Tunable and highly efficient light-harvesting antenna systems based on 1,7-perylene-3,4,9,10-tetracarboxylic acid derivatives†
We report the synthesis and excited-state dynamics of a series of five bichromophoric light-harvesting antenna systems, which are capable of efficient harvesting of solar energy in the spectral range of 350–580 nm. These antenna systems have been synthesized in a modular fashion by the covalent attachment of blue light absorbing naphthalene monoimide energy donors (D1, D2, and D3) to green light absorbing perylene-3,4,9,10-tetracarboxylic acid derived energy acceptors, 1,7-perylene-3,4,9,10-tetracarboxylic tetrabutylester (A1), 1,7-perylene-3,4,9,10-tetracarboxylic monoimide dibutylester (A2), and 1,7-perylene-3,4,9,10-tetracarboxylic bisimide (A3). The energy donors have been linked at the 1,7-bay-positions of the perylene derivatives, thus leaving the peri positions free for further functionalization and device construction. A highly stable and rigid structure, with no electronic communication between the donor and acceptor components, has been realized via an all-aromatic non-conjugated phenoxy spacer between the constituent chromophores. The selection of donor naphthalene derivatives for attachment with perylene derivatives was based on the effective matching of their respective optical properties to achieve efficient excitation energy transfer (EET) by the Förster mechanism. A comprehensive study of the excited-state dynamics, in toluene, revealed quantitative and ultrafast (ca. 1 ps) intramolecular EET from donor naphthalene chromophores to the acceptor perylenes in all the studied systems. Electron transfer from the donor naphthalene chromophores to the acceptor perylenes has not been observed, not even for antenna systems in which this process is thermodynamically allowed. Due to the combination of an efficient and fast energy transfer along with broad absorption in the visible region, these antenna systems are promising materials for solar-to-electric and solar-to-fuel devices.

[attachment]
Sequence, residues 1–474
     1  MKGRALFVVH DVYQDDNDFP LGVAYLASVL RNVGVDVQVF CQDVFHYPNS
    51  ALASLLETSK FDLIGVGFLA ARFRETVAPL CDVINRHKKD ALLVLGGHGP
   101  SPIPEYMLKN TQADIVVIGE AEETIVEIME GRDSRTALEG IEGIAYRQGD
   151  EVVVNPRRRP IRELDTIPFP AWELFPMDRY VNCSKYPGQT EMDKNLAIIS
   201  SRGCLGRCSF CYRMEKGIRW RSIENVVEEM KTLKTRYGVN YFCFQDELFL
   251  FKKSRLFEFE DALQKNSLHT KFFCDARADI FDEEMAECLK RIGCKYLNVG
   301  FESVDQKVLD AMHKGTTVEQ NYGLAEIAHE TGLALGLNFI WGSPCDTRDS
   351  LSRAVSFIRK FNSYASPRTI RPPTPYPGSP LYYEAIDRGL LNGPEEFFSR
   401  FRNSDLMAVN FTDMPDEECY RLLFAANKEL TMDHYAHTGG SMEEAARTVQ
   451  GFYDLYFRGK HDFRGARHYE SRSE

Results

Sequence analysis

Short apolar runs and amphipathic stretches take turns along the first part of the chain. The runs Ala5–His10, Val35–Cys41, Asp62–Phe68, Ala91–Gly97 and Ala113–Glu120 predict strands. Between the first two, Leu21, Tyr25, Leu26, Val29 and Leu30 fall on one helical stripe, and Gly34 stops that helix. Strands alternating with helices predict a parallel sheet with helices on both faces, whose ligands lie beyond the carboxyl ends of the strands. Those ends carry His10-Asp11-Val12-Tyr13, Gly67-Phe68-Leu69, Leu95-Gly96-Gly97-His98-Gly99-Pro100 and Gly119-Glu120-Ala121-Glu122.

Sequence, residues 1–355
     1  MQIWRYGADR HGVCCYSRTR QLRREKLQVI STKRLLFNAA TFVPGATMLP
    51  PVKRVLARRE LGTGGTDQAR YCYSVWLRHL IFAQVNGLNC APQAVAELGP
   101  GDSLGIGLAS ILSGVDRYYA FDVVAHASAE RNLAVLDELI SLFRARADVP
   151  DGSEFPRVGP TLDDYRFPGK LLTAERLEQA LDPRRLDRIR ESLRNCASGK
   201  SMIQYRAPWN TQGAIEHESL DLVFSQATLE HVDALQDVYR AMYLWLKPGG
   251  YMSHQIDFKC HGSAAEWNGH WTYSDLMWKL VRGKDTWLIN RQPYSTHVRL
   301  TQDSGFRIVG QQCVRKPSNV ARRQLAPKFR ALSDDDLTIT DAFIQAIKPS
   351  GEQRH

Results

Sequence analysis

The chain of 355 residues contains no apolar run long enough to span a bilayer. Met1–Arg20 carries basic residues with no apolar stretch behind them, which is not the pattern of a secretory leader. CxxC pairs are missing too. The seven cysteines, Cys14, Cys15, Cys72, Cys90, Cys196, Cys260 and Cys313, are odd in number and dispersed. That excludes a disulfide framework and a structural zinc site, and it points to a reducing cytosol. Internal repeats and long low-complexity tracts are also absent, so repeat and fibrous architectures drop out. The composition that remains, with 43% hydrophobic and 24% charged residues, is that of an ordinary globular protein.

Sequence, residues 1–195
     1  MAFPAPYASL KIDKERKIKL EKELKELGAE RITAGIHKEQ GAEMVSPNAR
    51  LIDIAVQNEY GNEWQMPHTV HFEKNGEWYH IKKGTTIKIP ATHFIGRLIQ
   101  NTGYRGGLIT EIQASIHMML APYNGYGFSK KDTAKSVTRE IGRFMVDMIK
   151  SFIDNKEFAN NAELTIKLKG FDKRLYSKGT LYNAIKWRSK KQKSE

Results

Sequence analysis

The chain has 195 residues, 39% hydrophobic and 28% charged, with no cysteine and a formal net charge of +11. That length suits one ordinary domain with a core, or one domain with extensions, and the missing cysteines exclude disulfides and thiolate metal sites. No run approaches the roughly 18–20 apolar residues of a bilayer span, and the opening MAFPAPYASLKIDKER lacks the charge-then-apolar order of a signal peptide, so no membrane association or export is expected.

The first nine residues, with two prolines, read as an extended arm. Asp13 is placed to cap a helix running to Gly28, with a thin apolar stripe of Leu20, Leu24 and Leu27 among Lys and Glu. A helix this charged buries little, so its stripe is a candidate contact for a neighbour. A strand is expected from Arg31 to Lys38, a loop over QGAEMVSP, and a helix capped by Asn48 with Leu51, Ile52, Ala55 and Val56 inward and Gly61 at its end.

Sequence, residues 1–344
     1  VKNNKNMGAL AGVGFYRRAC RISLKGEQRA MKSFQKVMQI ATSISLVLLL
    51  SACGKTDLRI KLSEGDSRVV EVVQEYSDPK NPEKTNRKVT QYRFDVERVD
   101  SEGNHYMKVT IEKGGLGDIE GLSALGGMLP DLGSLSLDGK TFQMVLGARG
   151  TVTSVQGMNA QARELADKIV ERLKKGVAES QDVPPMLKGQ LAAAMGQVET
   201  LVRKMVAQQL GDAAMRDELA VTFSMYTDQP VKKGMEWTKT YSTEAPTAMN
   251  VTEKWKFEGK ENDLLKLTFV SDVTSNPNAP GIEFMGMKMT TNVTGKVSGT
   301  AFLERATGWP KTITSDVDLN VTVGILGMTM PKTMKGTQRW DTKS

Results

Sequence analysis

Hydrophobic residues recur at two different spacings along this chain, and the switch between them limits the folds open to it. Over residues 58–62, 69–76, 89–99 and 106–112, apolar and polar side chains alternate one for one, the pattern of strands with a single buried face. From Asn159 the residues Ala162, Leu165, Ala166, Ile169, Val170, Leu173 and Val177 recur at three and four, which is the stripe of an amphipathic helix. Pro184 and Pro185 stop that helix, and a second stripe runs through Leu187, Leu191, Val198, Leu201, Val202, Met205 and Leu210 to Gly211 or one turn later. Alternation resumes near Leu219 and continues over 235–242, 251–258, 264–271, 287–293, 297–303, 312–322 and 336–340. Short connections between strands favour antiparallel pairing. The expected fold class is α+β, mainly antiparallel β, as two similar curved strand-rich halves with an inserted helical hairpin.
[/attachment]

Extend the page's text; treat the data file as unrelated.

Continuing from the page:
- This article is part of the themed collection: Global Energy Challenges: Solar Energy